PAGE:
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Global involvement in Europe's Cluster Mission

Global involvement in Europe's Cluster Mission

26 July 2000

The Cluster mission to explore the magnetosphere has a genuineinternational flavour, in more ways than one.

Not only are hundreds of scientists from around the world eagerly awaiting the unique data from the Cluster quartet, but in this age of the Internet and global communication, millions of people around the world are able to follow the progress of this exciting mission.

224 scientists have been accepted as Principal Investigators and Co-Investigators for the 11 experiments to be conducted by Cluster. Although half of these are based in European countries, and more than one quarter are from the United States, there are also representatives from far-flung countries such as India, Japan and China.

Cluster has always had particularly close links with the United States. Back in the 1980's, Cluster and the Solar and Heliospheric Observatory (SOHO) spacecraft were designated as the first Cornerstone in ESA's Horizon 2000 long term scientific programme. Although the Cluster launch has been delayed by four years, this international Solar-Terrestrial Science Programme is still being carried out as a cooperative project between ESA and NASA.

This means that NASA has provided funding for the U.S. scientific hardware, and, during the early phase of the Cluster mission, it is giving operations support through its Deep Space Network (DSN) antenna at Canberra, Australia. The DSN will also be used to transmit results from the Wideband data (WBD) experiment to the University of Iowa, home of the Principal Investigator for the WBD experiment.

While the scientists patiently wait for the second launch that will complete the Cluster quartet, space-watching members of the public around the world are following the mission via the Internet.

One example is Yohan Carlyle Denzil Ferreira, a student from Sri Lanka, who is monitoring Cluster events from his far-away homeland.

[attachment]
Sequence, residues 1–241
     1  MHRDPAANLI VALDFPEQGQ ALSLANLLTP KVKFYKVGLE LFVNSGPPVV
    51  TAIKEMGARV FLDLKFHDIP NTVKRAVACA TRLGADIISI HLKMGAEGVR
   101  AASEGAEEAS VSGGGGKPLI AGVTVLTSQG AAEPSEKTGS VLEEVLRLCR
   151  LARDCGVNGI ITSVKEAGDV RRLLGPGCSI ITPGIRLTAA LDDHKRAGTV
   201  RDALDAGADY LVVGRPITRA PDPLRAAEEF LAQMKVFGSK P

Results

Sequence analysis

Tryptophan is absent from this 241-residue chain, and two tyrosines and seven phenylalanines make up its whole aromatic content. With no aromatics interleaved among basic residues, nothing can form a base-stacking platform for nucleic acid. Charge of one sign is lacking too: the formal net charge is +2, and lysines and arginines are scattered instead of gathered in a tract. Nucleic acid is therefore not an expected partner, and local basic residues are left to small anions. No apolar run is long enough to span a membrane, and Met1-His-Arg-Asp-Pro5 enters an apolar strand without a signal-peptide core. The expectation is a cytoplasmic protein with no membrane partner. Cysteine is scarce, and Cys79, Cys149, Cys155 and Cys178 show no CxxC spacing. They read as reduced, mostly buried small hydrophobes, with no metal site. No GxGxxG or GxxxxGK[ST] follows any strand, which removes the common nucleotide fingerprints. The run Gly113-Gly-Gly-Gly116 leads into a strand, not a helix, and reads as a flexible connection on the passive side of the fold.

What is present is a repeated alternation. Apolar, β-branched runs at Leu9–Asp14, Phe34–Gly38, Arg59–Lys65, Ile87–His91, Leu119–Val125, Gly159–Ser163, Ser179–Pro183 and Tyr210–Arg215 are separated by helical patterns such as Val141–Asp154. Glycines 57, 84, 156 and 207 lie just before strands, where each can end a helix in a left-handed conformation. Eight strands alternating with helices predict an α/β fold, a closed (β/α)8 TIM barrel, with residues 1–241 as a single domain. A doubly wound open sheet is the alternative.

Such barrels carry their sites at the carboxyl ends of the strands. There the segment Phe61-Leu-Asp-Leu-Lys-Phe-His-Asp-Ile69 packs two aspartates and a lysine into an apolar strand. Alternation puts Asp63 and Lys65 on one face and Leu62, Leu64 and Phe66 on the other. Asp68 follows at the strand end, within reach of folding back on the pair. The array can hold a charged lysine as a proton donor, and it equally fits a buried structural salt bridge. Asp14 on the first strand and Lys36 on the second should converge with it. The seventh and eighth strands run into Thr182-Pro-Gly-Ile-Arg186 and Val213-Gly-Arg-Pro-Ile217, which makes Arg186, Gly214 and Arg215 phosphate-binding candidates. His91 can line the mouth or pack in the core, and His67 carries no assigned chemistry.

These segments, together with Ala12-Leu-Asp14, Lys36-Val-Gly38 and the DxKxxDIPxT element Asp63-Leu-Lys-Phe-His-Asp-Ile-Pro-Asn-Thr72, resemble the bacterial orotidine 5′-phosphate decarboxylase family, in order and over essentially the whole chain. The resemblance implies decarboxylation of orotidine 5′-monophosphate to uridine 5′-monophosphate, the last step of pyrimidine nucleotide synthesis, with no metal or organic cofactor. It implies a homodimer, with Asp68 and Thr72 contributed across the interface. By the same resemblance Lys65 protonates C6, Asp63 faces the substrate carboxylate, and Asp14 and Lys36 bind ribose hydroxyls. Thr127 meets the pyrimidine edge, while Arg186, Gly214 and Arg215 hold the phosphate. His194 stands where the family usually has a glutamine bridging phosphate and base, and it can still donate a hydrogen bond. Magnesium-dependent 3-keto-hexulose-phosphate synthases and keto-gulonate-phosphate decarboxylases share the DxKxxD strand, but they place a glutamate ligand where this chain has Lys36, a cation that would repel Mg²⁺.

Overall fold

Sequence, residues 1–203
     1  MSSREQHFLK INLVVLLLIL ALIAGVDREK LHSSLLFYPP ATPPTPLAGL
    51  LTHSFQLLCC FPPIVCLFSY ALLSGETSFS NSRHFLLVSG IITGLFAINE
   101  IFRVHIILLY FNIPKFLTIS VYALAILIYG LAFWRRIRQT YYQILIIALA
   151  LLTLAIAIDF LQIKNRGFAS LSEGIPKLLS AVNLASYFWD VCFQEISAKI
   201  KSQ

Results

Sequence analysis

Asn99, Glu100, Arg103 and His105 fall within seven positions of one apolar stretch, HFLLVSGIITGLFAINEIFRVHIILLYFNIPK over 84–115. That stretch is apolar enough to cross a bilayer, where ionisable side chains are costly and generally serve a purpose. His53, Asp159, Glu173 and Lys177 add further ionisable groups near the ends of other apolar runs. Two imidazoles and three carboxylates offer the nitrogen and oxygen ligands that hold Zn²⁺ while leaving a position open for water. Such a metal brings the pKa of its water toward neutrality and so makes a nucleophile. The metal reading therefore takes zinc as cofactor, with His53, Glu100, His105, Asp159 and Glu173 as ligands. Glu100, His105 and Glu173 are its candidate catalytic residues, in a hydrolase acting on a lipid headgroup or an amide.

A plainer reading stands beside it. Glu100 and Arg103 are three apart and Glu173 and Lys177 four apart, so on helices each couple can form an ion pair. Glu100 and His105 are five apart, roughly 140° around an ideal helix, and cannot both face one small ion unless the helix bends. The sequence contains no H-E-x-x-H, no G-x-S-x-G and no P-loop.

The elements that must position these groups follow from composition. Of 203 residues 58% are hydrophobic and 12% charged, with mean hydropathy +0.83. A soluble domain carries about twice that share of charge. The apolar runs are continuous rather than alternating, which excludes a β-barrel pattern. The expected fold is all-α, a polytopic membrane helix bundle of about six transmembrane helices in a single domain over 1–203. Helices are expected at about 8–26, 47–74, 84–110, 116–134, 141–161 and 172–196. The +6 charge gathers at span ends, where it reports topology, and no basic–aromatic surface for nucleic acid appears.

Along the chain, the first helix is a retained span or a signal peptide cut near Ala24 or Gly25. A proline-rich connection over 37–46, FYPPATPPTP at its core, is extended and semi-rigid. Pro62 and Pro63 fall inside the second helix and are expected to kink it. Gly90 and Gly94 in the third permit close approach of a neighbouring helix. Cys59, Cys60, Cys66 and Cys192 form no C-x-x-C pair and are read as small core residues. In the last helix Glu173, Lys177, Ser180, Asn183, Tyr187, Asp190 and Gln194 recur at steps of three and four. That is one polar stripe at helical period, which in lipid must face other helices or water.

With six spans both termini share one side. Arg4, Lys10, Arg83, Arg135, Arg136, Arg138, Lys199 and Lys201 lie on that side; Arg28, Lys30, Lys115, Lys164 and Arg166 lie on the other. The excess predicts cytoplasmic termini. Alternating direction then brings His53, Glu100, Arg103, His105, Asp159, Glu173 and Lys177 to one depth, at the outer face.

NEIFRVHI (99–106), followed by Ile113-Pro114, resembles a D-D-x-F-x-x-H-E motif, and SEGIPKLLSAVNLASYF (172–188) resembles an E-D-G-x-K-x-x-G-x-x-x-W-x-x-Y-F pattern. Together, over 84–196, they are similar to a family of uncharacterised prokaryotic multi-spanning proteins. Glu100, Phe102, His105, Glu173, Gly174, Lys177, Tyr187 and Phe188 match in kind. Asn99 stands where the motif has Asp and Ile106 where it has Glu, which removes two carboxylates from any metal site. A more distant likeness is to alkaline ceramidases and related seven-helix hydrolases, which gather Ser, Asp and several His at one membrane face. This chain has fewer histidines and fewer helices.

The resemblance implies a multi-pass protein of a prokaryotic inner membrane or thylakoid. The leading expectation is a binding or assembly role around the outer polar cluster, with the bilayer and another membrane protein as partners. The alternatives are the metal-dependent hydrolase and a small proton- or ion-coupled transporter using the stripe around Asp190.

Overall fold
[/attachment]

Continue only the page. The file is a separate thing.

Yohan is one of many who have contacted the Cluster project at the European Space Technology and Research Centre (ESTEC) in The Netherlands to request further information on the pioneering mission to study the Sun-Earth interaction.

"Although I am still 19 years old," said Yohan, "I am working as a volunteer Smart Filter (SF) for the NASA Quest Q&A Project (http://quest.arc.nasa.gov/).

"I am one of 20 SFs around the world and we reply and process questions, mainly from students, reply to them with answers from our archives or route original questions to experts to answer. In short, we act as "buffers" between experts and questioners so that we can save the experts valuable time - they volunteer by only forwarding original questions to them. So, it helps a LOT to keep updated about what's happening regarding space missions etc.

"I would like to wish you and your ENTIRE team all the Very Best of Luck for the 2nd launch on the 9th of August 2000," he concluded.

In his reply, Alberto Gianolio, Cluster II Deputy Project Manager, said, "It has indeed been a great satisfaction and a matter of pride for all the Cluster team to see the first two babies going up so smoothly this time. We are all looking forward to the second launch on 9 August and I am glad to hear that you, too, will be following it with us."

The second Cluster launch from Baikonur Cosmodrome in Kazakhstan is currently scheduled for 13:13:35 CEST on 9 August.

Last Update: 1 September 2019
18-Sep-2021 08:39 UT

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